Yesterday I received a late press release from Sprint, a major cellular network in the United States, which included a survey looking into the different areas of mobile phone use by young adults in work and social environments.
The mostly-obvious comes out of this research, on a sociological level rather than a technological level. Out of 2,025 adults (aged 18 and older):
- 70% of those 18 to 34 years old use mobile text messaging in comparison to 9% of those 55 and older.
- 23% of 18 to 34 years old use mobile browsing in comparison to 6% of those 55 and older.
- 21% of 18 to 34 years old use mobile social networking in comparison to 1% of those 55 and older.
- 46% of 18 to 34 years old prefer to have a QWERTY keyboard on their phone for writing text.
- 52% of 18 to 34 years old are "compulsive or frequent" checkers of their phone for mobile social networking applications like Facebook, compared to 9% of those 55 and older.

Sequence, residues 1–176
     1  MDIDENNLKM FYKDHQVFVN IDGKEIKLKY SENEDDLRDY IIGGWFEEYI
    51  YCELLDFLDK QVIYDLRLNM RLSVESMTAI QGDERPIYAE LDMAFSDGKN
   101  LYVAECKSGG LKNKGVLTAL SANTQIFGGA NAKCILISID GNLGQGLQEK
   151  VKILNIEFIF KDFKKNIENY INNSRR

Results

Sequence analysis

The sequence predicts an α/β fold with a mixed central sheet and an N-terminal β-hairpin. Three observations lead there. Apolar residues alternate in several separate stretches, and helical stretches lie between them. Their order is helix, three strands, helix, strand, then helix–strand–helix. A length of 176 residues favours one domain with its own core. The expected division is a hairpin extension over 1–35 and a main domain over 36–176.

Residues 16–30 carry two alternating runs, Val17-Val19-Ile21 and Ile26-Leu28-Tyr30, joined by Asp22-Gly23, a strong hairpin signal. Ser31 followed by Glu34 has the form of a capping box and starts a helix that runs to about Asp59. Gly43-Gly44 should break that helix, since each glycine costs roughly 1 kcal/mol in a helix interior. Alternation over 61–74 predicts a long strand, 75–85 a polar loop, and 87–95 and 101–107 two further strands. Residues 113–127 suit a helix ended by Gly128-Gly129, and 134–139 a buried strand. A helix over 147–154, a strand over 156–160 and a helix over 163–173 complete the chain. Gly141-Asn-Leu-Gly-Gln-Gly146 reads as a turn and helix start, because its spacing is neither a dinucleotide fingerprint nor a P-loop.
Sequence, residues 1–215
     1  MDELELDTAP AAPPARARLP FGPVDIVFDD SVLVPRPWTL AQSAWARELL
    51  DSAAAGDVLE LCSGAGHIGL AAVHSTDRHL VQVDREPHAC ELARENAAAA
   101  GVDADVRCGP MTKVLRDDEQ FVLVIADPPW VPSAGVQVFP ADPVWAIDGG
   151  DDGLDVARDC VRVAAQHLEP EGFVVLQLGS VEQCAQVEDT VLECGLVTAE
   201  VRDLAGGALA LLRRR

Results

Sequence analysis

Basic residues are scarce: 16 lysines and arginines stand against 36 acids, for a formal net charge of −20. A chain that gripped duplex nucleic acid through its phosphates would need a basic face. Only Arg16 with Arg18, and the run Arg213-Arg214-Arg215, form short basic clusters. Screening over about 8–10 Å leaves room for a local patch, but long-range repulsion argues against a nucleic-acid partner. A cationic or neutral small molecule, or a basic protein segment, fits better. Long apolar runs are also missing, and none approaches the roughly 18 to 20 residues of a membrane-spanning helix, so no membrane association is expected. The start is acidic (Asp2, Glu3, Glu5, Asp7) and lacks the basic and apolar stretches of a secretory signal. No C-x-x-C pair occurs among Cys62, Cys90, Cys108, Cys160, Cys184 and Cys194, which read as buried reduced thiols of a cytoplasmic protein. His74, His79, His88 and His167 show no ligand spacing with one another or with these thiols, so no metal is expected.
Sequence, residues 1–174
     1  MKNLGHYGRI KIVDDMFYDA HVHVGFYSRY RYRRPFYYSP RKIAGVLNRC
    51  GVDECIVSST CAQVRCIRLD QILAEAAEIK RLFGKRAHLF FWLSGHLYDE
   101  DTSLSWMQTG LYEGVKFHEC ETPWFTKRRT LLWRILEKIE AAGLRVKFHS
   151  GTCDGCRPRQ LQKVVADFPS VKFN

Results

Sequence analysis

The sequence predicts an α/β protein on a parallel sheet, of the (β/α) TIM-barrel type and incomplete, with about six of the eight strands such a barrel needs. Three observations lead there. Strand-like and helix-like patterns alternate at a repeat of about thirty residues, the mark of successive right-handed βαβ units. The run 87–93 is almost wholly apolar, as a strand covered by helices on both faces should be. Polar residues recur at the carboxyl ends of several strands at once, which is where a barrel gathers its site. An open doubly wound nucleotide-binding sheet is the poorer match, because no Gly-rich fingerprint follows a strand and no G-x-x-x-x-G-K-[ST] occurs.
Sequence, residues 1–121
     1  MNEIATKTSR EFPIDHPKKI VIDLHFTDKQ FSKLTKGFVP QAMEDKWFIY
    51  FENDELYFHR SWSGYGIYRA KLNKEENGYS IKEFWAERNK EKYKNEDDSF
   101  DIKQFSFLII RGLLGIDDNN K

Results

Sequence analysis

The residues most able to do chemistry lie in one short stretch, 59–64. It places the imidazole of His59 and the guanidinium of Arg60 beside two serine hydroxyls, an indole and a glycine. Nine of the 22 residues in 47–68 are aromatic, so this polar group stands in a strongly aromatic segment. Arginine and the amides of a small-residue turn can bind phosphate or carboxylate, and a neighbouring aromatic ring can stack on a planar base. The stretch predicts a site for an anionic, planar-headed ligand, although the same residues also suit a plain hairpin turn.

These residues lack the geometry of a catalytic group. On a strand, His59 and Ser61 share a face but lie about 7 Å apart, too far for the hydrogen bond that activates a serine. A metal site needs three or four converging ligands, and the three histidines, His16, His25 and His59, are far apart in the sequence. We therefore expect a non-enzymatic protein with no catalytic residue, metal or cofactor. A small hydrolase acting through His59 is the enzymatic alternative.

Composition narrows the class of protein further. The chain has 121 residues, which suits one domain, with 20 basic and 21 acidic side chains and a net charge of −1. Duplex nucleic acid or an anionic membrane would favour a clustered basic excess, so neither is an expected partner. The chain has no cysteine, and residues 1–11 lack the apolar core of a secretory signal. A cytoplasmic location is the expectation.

So what do these figures show us exactly? That the younger generation use mobile phones a lot more and in many more ways than that of older generations. That's it.
I spoke to my grandfather earlier on today - a man well into his late 70's and with a strong passion for modern day gadgetry and technology. Paraphrased he said:
"Modern technology is truly a wonderful, enlivening concept especially for old fools such as I. Nevertheless dear lad, most of my ageing generation wouldn't know the arse end of a remote control to the Zimmerframe that keeps them from kicking that nasty gravitational habit we seem to endure at the best of times.
You and your generation were born into an era of possibility and advancements which made the workings of Bletchley Park look like chalk on slate. As the old buggers that we are, we'll have better luck adjusting to being worm-food than adjusting to this technological age which has kicked in half way through our lives; lives of which were satisfied and content with the more simpler way of living and computing."
The simple fact of the matter is that the Generation Y'ers were born into an age of technology and was a major part of primary socialisation - the initial years of learning. The figures show the obvious and frankly a 10 year old could have told you this was the case.